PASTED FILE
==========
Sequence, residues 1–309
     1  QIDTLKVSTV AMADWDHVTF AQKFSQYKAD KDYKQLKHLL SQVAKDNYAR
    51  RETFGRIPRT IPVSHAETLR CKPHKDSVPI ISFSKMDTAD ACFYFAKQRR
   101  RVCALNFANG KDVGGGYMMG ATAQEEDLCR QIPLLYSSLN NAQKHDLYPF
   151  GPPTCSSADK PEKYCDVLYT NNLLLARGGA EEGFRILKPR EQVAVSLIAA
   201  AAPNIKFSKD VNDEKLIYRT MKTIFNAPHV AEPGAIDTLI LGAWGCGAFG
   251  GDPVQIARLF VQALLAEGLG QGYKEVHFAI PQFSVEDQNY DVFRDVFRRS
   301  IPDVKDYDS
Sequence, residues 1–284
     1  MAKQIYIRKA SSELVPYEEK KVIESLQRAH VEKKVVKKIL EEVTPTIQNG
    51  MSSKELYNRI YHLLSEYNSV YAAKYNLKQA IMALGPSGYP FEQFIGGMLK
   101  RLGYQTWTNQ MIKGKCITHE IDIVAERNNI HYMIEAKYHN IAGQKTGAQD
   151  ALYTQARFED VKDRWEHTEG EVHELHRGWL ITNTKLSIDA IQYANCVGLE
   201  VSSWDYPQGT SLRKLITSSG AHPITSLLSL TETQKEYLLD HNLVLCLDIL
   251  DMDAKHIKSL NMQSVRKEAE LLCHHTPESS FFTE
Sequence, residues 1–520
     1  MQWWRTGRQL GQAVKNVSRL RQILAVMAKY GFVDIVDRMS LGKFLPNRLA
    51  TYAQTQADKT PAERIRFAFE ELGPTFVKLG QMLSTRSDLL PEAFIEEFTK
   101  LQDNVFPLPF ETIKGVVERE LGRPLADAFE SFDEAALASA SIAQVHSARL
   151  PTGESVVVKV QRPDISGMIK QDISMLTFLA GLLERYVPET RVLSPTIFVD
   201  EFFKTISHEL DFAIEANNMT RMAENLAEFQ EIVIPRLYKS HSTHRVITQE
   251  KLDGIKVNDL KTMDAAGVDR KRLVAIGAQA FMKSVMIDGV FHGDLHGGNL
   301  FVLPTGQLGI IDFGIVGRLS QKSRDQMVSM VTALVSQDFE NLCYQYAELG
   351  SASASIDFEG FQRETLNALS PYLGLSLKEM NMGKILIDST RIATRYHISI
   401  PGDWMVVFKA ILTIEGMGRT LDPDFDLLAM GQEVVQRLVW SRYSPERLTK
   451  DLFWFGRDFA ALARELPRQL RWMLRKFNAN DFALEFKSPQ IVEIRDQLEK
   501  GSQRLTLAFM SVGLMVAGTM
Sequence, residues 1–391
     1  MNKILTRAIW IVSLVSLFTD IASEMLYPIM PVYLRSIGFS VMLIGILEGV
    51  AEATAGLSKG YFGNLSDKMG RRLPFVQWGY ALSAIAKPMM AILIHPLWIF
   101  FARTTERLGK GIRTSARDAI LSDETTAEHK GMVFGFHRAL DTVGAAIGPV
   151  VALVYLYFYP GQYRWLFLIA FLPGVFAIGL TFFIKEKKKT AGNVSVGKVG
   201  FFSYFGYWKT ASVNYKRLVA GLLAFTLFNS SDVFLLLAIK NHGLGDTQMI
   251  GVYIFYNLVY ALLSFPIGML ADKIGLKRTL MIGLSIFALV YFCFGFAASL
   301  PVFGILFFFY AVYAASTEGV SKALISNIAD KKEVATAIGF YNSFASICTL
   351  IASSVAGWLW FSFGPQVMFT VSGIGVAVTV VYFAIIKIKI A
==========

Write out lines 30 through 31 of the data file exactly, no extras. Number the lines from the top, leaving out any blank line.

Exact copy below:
    51  AEATAGLSKG YFGNLSDKMG RRLPFVQWGY ALSAIAKPMM AILIHPLWIF
   101  FARTTERLGK GIRTSARDAI LSDETTAEHK GMVFGFHRAL DTVGAAIGPV